Thursday, November 17, 2016

The Yellow Wall-Paper- an interesting short story about Postpartum Depression by Charlotte Perkins Gilman

The story depicts the effect of under stimulation on the narrator's mental health and her descent into psychosis. With nothing to stimulate her, she becomes obsessed by the pattern and color of the wallpaper.
You might wonder why this isn't being posted in my book review blog instead. It wasn't going to be, but the topic of this short story is much more along the lines of my personal blog.

I got this basically to just read The Yellow Wall-Paper and I highly recommend reading it. What I took away from it, and was validated by reading Chartlotte's essay "Why I wrote the Yellow Wall-Paper, wasn't that this was simply a story about a woman's decent into madness., but about a woman who was suffering post par-tum depression. Because of the time period her husband, the doctor,ignored and placed the label of "hysteria" upon her. Researching the author has found not only did she suffer from depression but also depression after the birth of her daughter and didn't care for the way women were treated.

The MC talks about not being able to deal with her baby and how she begins to hate everything she used to love and is tired all time. Her husband takes her to a house far away to "recover" but he's not actually treating her. He's making it worse by locking her away and not allowing her to really see people or do anything but sit around and stare out a window.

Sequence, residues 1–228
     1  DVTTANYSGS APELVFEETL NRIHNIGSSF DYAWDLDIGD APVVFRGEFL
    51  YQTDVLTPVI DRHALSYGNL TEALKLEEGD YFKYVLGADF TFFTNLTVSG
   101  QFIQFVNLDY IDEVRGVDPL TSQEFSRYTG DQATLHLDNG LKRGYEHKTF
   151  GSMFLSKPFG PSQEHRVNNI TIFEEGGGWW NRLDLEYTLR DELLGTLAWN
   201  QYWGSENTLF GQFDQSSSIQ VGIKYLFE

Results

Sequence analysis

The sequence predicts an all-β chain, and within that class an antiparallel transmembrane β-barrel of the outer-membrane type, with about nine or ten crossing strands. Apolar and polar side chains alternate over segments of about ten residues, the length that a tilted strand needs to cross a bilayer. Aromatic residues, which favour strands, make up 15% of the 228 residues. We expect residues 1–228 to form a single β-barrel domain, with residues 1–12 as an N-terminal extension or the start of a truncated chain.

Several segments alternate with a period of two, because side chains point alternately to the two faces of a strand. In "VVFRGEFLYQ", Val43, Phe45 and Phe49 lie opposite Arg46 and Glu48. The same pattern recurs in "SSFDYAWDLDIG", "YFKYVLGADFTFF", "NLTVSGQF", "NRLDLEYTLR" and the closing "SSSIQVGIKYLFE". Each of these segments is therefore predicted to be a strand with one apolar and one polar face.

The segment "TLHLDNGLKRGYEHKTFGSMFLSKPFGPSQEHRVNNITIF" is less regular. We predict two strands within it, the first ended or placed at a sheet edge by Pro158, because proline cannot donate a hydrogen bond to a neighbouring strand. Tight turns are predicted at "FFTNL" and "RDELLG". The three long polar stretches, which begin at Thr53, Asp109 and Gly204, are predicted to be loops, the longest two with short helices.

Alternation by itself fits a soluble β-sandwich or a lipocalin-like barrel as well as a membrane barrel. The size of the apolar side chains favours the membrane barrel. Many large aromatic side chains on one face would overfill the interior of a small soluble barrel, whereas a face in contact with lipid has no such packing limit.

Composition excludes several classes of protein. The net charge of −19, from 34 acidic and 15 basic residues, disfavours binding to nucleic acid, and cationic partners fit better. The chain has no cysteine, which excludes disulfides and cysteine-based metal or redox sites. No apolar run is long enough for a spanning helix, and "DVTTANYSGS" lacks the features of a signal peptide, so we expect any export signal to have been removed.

The MC's fascination with the awful wall paper is understandable, she has nothing else to do with her time and her mind in unwell.Her husband won't allow her any excitement or to even write in her journal. I have seen post- partum depression and it is scary, I have been lucky to not experience more than basic "baby blues" but I do suffer from depression and anxiety myself, the worst thing you can do is lock yourself away and give into the crazy thoughts in your mind.

This was an interesting, complicated and slightly horrific read. I took away a very sad but not uncommon ending, someone might take away something different.

According to the Centers for Disease Control, 11 to 20% of women who give birth each year have postpartum depression symptoms. If you settled on an average of 15% of four million live births in the US annually, this would mean approximately 600,000 women get PPD each year in the United States alone. -

Depressed mood or severe mood swings
Excessive crying
Difficulty bonding with your baby
Withdrawing from family and friends
Loss of appetite or eating much more than usual
Inability to sleep (insomnia) or sleeping too much
Overwhelming fatigue or loss of energy
Reduced interest and pleasure in activities you used to enjoy
Intense irritability and anger
Fear that you're not a good mother
Feelings of worthlessness, shame, guilt or inadequacy
Diminished ability to think clearly, concentrate or make decisions
Severe anxiety and panic attacks
Thoughts of harming yourself or your baby
Recurrent thoughts of death or suicide

Btw- Women do commit suicide because of this condition it is serious. If you or a love ones have the signs of postpartum depression please get medical help or encourage help at once.

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